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07 Oct 2017

How do you solve a $10bn problem?

Todd Clyde


They say travel broadens the mind. Recently, I had the privilege of heading to Dublin to attend the IATA World Financial Symposium, a gathering of the good and the great from the airline industry.

And, this is an industry with some staggeringly large numbers and some surprisingly small numbers!

With an expected 38.4 million flights, delivering about $736 billion of annual revenue and margins on the up, the industry is in a positive mood. It’s some of the other numbers that really jumped out at me though. A few examples are the high costs of taking payments from customers, estimated to be a staggering $10 billion p.a. Another is the mind blowing figure of unredeemed air miles - 24 trillion. That is a lot of weekends away!

Alongside these huge numbers, there are some that surprise you for the opposite reason. For example, net return of only $7.54 per passenger. How much could this be increased just by making payments easier? My suspicion, a lot!

From the debate at the conference there appear to be a number of big pain points:

  1. Cost and complexity of taking payments - it is particularly high since it is based on a % of the transaction and airline tickets are obviously higher cost than many other categories of spend.
  2. Data - a lot of data is generated in a travel booking and customers want it, easily accessible with the transaction. Particularly companies with employees travelling!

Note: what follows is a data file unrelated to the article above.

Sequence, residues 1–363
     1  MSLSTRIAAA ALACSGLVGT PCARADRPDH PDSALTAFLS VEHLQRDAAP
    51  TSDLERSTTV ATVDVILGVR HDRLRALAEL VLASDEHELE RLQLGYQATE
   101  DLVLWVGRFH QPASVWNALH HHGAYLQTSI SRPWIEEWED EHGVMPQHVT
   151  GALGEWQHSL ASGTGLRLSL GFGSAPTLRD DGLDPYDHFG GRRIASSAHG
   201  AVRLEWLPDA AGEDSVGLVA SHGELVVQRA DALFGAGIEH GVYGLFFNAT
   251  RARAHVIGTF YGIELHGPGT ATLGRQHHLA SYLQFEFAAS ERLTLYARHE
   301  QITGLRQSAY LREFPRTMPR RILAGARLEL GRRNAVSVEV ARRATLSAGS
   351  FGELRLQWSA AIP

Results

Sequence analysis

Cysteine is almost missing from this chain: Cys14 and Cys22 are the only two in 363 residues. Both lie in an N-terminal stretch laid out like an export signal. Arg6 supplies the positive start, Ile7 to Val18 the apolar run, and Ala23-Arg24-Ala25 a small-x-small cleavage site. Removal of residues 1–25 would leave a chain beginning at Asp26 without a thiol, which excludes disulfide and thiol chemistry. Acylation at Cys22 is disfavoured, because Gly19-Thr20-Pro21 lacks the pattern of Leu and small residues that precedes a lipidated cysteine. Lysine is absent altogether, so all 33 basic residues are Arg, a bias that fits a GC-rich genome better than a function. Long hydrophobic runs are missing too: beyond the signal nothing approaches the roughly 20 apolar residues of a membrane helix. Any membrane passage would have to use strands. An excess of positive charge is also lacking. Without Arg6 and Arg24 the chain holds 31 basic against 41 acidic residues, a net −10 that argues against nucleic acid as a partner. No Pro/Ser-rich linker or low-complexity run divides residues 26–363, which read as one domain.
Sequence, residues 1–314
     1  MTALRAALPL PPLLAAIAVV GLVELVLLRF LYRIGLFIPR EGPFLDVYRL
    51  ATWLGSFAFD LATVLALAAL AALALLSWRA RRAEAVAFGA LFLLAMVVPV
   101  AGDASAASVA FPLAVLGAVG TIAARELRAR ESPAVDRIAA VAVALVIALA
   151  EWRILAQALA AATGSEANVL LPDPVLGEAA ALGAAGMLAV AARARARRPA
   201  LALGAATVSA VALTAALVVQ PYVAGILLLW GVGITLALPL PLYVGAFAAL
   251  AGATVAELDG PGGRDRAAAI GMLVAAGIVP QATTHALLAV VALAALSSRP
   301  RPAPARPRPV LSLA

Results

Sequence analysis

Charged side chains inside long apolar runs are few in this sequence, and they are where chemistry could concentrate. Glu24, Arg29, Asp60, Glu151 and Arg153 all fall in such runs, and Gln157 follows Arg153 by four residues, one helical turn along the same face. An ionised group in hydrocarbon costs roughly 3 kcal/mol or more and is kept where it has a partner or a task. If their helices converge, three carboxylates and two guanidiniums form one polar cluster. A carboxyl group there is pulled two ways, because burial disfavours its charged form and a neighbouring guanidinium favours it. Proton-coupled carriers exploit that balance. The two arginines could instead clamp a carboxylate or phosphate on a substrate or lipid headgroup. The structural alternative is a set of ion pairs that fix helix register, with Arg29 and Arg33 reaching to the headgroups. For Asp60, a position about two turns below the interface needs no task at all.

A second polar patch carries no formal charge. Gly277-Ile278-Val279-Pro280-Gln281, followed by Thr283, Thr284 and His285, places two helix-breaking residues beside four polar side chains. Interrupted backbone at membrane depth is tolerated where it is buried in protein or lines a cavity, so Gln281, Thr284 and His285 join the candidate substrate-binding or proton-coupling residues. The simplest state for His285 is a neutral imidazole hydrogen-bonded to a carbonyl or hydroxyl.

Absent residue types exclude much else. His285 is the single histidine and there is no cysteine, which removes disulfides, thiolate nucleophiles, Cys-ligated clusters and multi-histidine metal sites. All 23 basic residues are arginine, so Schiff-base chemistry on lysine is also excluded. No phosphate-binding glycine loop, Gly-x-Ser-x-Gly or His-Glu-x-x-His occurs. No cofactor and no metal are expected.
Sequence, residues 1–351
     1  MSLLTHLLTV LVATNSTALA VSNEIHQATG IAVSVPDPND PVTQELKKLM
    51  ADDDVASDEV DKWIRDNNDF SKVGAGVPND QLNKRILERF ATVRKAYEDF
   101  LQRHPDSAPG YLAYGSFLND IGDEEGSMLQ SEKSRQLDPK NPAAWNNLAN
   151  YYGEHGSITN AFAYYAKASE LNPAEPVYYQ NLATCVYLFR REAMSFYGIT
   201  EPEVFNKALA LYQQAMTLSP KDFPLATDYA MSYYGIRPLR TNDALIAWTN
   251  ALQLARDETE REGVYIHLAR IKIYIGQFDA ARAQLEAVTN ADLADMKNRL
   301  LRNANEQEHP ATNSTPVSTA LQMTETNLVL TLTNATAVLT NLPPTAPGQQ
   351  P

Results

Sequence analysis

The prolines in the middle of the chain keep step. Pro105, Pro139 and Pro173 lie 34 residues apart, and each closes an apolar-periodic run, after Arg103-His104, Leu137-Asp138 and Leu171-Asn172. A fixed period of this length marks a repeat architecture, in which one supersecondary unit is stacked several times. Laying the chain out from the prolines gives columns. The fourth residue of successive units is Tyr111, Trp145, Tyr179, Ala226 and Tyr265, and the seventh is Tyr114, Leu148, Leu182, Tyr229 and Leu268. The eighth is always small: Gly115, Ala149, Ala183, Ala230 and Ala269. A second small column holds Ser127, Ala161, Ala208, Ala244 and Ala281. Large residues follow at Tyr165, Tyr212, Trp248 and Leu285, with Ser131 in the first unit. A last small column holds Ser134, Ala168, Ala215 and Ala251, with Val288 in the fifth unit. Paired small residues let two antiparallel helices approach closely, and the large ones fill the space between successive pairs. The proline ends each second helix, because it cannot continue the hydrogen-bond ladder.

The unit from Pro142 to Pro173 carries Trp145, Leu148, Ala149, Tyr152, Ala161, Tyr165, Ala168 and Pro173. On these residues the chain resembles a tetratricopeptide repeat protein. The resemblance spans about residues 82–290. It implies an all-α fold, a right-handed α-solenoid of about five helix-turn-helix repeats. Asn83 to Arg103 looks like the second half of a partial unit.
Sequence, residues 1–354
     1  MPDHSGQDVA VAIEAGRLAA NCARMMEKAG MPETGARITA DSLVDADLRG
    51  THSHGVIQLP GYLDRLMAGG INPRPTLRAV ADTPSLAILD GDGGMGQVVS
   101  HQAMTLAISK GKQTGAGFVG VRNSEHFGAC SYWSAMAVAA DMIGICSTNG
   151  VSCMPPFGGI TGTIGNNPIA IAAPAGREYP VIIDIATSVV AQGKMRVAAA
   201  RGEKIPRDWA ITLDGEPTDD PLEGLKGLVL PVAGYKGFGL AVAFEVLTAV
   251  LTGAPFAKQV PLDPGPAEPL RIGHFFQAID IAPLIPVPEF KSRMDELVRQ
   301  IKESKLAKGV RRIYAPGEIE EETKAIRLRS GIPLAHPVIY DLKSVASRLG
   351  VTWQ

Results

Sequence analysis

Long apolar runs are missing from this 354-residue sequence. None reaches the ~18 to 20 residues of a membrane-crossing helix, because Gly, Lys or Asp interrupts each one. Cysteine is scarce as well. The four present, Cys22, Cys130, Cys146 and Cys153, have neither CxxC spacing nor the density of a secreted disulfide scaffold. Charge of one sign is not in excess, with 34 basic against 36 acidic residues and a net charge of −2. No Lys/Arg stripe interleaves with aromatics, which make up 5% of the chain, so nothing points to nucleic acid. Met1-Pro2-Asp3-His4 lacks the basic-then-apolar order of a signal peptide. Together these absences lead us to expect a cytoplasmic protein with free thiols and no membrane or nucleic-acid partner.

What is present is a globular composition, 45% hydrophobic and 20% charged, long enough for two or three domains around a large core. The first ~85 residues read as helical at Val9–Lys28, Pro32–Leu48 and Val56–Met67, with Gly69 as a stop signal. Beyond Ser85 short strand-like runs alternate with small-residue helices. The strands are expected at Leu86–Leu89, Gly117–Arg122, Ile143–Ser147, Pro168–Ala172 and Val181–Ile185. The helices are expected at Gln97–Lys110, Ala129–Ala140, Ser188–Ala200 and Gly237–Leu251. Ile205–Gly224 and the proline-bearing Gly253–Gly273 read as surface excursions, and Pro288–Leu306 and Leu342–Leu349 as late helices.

3. Friction - the industry is aspiring to seamless payments to make customers’ lives easier and help generate ancillary revenues. If payment is fast and simple the lounge access, that extra cocktail or a car on arrival is just a tap away.

So why was I there? To make the point that the opportunity to solve these pain points, and really drive a positive impact for airlines and their passengers, is here now.

The much awaited PSD2 will enable direct access to customers accounts (with their permission), and this creates a tremendous opportunity for the airline industry to really take off :-). At Token, we’re really excited about our role in driving this change.

Firstly, direct bank payments could dramatically simplify the payments value chain, putting buyer and seller closer together, and reduce the estimated $10bn cost of taking payments. But more than that, we’re working to make payments really deliver more for the airline and traveller, such as:

  • Capturing all of the rich travel data (e.g. itinerary, cost breakdown etc) with the transaction so it can be accessed or fed into company expense systems
  • Connecting the traveller and their accounts throughout their journey, making everything seamless (e.g. On my return flight it would have been so much easier to pair my identity with my seat, 16A, and then without providing any personal details or payment credentials I could easily get that extra beer or pay with all of those unredeemed air miles and many more examples).

These are just a few examples and we discussed many more.

So, having travelled and learnt, I return to the Token office in London with my mind broadened and excited about the opportunity to make payments a far more intelligent part of the travel experience.